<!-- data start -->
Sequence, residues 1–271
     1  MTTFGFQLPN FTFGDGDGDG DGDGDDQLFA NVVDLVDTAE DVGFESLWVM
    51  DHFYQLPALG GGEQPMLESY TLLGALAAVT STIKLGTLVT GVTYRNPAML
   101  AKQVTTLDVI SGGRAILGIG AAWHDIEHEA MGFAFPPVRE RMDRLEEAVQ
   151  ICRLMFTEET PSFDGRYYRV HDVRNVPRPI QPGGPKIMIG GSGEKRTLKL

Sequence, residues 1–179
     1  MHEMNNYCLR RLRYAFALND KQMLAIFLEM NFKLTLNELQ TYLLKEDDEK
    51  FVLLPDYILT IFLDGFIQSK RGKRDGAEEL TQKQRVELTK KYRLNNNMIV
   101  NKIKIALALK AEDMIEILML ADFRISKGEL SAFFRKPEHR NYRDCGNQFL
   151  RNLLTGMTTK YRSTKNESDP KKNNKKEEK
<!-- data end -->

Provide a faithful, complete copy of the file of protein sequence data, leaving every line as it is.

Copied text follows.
Sequence, residues 1–271
     1  MTTFGFQLPN FTFGDGDGDG DGDGDDQLFA NVVDLVDTAE DVGFESLWVM
    51  DHFYQLPALG GGEQPMLESY TLLGALAAVT STIKLGTLVT GVTYRNPAML
   101  AKQVTTLDVI SGGRAILGIG AAWHDIEHEA MGFAFPPVRE RMDRLEEAVQ
   151  ICRLMFTEET PSFDGRYYRV HDVRNVPRPI QPGGPKIMIG GSGEKRTLKL

Sequence, residues 1–179
     1  MHEMNNYCLR RLRYAFALND KQMLAIFLEM NFKLTLNELQ TYLLKEDDEK
    51  FVLLPDYILT IFLDGFIQSK RGKRDGAEEL TQKQRVELTK KYRLNNNMIV
   101  NKIKIALALK AEDMIEILML ADFRISKGEL SAFFRKPEHR NYRDCGNQFL
   151  RNLLTGMTTK YRSTKNESDP KKNNKKEEK